And if you want a big budget, you make the 'ride alongs' and corny superhero movies. You expect them to give you 40 million for your black story that no one will see? Please.

    Technology is outstanding now like Cybel has mentioned many times on this site. You can take matters in your own hands or you can bitch about HOLLYWOOD like a BLACK hollywood director is doing now. In the mean time I'll be sitting back waiting for our own 'Nebraska' or a black jason bourne (and no James Bond won't count; i.e. ORIGINAL).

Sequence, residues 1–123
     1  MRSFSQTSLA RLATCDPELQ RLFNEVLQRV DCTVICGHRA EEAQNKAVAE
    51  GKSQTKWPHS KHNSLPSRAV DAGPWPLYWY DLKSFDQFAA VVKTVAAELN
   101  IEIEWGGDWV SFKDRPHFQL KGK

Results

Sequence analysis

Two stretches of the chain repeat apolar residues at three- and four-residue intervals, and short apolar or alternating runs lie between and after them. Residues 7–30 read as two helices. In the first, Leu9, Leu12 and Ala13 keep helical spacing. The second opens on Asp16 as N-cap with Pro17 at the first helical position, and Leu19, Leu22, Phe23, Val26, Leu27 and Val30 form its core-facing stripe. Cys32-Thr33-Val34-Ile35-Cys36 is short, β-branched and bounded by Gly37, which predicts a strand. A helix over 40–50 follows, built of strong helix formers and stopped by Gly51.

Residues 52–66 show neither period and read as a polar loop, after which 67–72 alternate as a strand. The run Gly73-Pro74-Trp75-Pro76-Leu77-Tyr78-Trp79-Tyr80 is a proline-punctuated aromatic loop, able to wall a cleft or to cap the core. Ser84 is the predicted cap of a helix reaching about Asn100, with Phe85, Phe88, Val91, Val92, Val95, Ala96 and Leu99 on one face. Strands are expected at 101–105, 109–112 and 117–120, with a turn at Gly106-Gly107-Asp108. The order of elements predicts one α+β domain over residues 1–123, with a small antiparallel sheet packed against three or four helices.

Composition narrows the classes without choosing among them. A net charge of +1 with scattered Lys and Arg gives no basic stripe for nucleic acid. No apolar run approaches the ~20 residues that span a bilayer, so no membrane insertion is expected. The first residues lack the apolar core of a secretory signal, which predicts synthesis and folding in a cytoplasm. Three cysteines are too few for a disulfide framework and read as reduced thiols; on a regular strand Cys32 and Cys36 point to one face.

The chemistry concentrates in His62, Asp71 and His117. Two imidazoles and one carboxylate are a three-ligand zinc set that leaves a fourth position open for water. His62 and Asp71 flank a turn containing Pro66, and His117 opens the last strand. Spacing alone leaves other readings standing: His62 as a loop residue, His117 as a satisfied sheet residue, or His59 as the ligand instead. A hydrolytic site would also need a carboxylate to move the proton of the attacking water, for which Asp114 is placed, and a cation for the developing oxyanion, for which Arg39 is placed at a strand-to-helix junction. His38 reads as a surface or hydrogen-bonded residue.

• Boykin | April 10, 2014 1:05 PM

    Kirk, you made my day.

  • Katie | April 10, 2014 11:23 AMReply

    Like others have said, she COMPLETELY missed the point. Black films do not get the same funding. I read in a book that most don't get more than 40 million. But let a white director come in with the same story can he get got 40 million an then some. It's some bullshit and she knows it. But then again, why act surprised? She did defend The Help, a grossly inaccurate portrayal of black female domestic workers in the 1960's. The woman who inspired the story didn't even see a dime.

  • T.M | April 10, 2014 8:48 AMReply